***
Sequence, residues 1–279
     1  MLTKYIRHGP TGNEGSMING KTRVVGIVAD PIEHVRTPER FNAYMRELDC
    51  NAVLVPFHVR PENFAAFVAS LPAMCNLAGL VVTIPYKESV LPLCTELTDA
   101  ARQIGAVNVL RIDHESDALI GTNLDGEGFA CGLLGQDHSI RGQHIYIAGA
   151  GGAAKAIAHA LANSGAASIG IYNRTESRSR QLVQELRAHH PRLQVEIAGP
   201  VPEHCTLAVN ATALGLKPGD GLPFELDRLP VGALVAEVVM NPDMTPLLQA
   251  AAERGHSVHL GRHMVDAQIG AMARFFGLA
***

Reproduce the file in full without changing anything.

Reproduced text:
Sequence, residues 1–279
     1  MLTKYIRHGP TGNEGSMING KTRVVGIVAD PIEHVRTPER FNAYMRELDC
    51  NAVLVPFHVR PENFAAFVAS LPAMCNLAGL VVTIPYKESV LPLCTELTDA
   101  ARQIGAVNVL RIDHESDALI GTNLDGEGFA CGLLGQDHSI RGQHIYIAGA
   151  GGAAKAIAHA LANSGAASIG IYNRTESRSR QLVQELRAHH PRLQVEIAGP
   201  VPEHCTLAVN ATALGLKPGD GLPFELDRLP VGALVAEVVM NPDMTPLLQA
   251  AAERGHSVHL GRHMVDAQIG AMARFFGLA